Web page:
Few people can swim 1.9 kms. Few people can bike 90 kms.—roughly the distance from Cebu City to Bogo. Few people can run, unaided by car or tricycle and with nothing on the feet but socks and rubber shoes, the length of 21 kms. How about finishing not one, not two—but all three? Not one today, one sport tomorrow and another on Thursday—but one after the other? Back to back to back?
Anton Regis has accomplished that. Aged 29 and, for three years now, delightedly-living with his wife Zie (they have a four-month-old baby named Zoe Angelou), Anton works as a Software Development Engineer at the NCR Cebu Development Center at the I.T. Park. That’s his day job. His passion? On Sundays? During days off when he has free time to pedal, swim freestyle and jog?
Triathlon. And the 1.9K swim, 90K bike ride and 21K run undertaking? Anton is one of the few Cebuanos to have achieved such a feat. “It started back in 1997,” he wrote via email, “when I saw this very inspiring and moving video called the Ironman World Championships held in Kona, Hawaii. It is the triathlon with the longest distance and the mother of all events with a 3.9-km. swim, a 180-km. bike and a 42-km. run. Watching it sparked the triathlon spirit in me.
“When I heard of a triathlon race a few months later, I joined. Not to finish all three events but as part of a relay team where I did the bike leg. Eventually, I evolved into finishing triathlons individually. It feels different when you finish a triathlon. It’s not only fun and fulfilling but, most of all, you feel like a winner even if you do not win! I was addicted by this feeling and fell in love with the sport.”
After Anton joined his first triathlon 12 years ago, he competed. No, the goal wasn’t to win—that’s reserved for the so-called “elite” athletes, with Noy Jopson topping the list—but the goal was join and to enjoy and to cross that finish line with arms raised up high.
Last year, Anton joined the Half-Ironman event in Singapore. (The term “Ironman” is licensed and can only be used by accredited events. In the Phils., the first-ever IM will happen in Camarines Sur this August 23.)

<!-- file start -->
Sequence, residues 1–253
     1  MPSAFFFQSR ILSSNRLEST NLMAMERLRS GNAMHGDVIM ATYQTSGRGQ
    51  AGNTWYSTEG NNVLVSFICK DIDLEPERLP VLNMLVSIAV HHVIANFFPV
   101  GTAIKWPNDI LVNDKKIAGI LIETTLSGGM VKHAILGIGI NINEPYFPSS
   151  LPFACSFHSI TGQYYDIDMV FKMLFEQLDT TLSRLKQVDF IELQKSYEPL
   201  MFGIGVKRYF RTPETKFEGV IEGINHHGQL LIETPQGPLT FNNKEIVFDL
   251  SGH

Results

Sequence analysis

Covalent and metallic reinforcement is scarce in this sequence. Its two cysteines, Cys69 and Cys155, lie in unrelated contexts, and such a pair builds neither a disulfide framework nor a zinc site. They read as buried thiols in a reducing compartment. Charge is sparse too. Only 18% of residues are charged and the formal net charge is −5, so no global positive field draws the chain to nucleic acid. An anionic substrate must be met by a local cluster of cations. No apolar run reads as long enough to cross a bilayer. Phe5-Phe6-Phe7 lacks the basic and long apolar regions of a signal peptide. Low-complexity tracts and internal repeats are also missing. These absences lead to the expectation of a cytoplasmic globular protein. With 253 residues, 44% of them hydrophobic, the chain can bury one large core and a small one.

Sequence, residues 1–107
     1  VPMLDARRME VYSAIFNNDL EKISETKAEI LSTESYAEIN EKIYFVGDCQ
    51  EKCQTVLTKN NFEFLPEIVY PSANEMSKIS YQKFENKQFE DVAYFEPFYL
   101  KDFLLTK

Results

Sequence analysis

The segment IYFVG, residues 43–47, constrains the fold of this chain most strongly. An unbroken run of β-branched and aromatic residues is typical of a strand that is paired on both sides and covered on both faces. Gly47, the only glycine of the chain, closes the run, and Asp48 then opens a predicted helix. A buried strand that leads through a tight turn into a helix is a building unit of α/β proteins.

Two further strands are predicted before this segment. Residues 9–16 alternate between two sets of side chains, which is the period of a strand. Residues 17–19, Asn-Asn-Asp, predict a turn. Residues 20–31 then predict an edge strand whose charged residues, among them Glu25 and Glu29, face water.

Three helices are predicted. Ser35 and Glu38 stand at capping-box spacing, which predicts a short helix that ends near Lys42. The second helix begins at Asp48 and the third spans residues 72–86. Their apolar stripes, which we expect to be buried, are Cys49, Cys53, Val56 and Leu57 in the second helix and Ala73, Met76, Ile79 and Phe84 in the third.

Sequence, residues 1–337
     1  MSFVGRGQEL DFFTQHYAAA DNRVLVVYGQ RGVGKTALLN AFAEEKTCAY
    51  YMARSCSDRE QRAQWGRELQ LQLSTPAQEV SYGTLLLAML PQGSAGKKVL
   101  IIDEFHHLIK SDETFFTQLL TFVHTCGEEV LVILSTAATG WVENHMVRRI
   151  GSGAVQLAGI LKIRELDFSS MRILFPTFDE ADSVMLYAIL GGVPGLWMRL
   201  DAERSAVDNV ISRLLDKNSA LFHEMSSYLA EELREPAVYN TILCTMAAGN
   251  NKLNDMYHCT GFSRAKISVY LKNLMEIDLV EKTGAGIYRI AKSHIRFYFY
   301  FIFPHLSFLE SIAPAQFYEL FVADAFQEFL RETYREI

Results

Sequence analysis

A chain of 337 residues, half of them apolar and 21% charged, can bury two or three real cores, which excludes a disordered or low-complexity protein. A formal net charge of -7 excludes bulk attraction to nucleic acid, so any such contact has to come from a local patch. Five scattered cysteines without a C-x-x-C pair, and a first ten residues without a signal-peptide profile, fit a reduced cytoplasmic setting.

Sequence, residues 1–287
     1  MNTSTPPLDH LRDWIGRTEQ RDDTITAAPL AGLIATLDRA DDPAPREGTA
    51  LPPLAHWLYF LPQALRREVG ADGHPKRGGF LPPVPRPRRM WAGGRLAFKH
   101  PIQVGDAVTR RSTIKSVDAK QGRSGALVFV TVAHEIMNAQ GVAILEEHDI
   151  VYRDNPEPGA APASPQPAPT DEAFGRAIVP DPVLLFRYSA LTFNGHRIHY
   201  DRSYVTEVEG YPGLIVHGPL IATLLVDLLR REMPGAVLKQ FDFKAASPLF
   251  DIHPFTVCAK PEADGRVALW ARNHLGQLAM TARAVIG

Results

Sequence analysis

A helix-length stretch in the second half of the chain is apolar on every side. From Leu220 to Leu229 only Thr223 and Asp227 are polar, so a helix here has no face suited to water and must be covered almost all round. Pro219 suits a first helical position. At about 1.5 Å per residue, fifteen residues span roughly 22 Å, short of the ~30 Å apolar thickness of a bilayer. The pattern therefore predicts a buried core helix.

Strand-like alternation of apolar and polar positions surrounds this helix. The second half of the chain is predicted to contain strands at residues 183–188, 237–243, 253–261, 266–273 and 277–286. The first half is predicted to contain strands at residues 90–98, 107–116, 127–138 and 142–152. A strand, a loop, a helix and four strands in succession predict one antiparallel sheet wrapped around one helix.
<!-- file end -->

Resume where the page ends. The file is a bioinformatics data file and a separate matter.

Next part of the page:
“Joining the Aviva 70.3 Ironman Singapore Triathlon last September 7, 2008, brings me a step closer in fulfilling my crazy dream—to finish a full Ironman. The 70.3 Ironman race, however, is a shorter version (1.9-km. swim, 90-km. bike and 21-km. run). My friend, Bernard Tanchan, and another Cebuano, Trino Transmonte, signed up as well. Participants reached up to 1,400 consisting of 600 Singaporeans, 300 expats and 500 international competitors, including 26 Filipinos.”
I asked Anton (who happens to be my second-degree cousin) for precise details of his monumental experience and here’s his account…
“Race day was full of excitement and energy. I woke up at 4 a.m., ate my cereals, then did my stretching routine. By 5 a.m., Bernard and I were on our way to the venue. It was still dark when we got there. Athletes were already lining up for body marking for the race numbers. Loud music and an emcee greeted us as we went to the transition area. More than an hour later, the race began.
Anton (left) with Bernard Tanchan minutes before the swim
“There were several wave starts. The pros go first then the age groupers follow. Watching how the pros did it was spectacular! After four wave starts, it was our turn. The starting area was jam packed (we felt like sardines) with 300 swimmers. As the starting gun fired, everyone ran towards the water. As I started swimming, I could feel the other swimmers close by. Everyone was fighting for their own space. I did not push too hard for the traffic alone can already drain me of much needed energy, dodging kicks and arms.
“When I was about to finish the swim, I saw Bernard just a couple of meters ahead of me. He went off the water first and headed to the Transition Area (TA). I followed him and glanced at my watch clocking in about 52 minutes (7 minutes more than what I planned). I took my time preparing for the next challenge… the bike leg.”
Good luck to all Cebaunos participating the Inaugural 70.3 IM Philippines.
The sport of Ironman is not always just about being the fastest but it is also finishing what you’ve started. You may not be faster than the guy infront of you, but you are definitely faster than the guy who never started. Congratulations! Good luck to all!
swim smooth, ride hard, run strong
Cerrone and Lence… you’re right! That’s a great line, “… you are definitely faster than the guy who never started.”
HI John, martin ora ni, you dorm mate sa la sallian center, i was reminded by your triathlon blog, if you remember jumbo and abe tayag sa dorm nato, they are now avid ironman competitors…btw i read your blog whenever i can, interesting topics, keep on blogging 🙂
good post and love the photos!! especially that last one!! keep tri-ing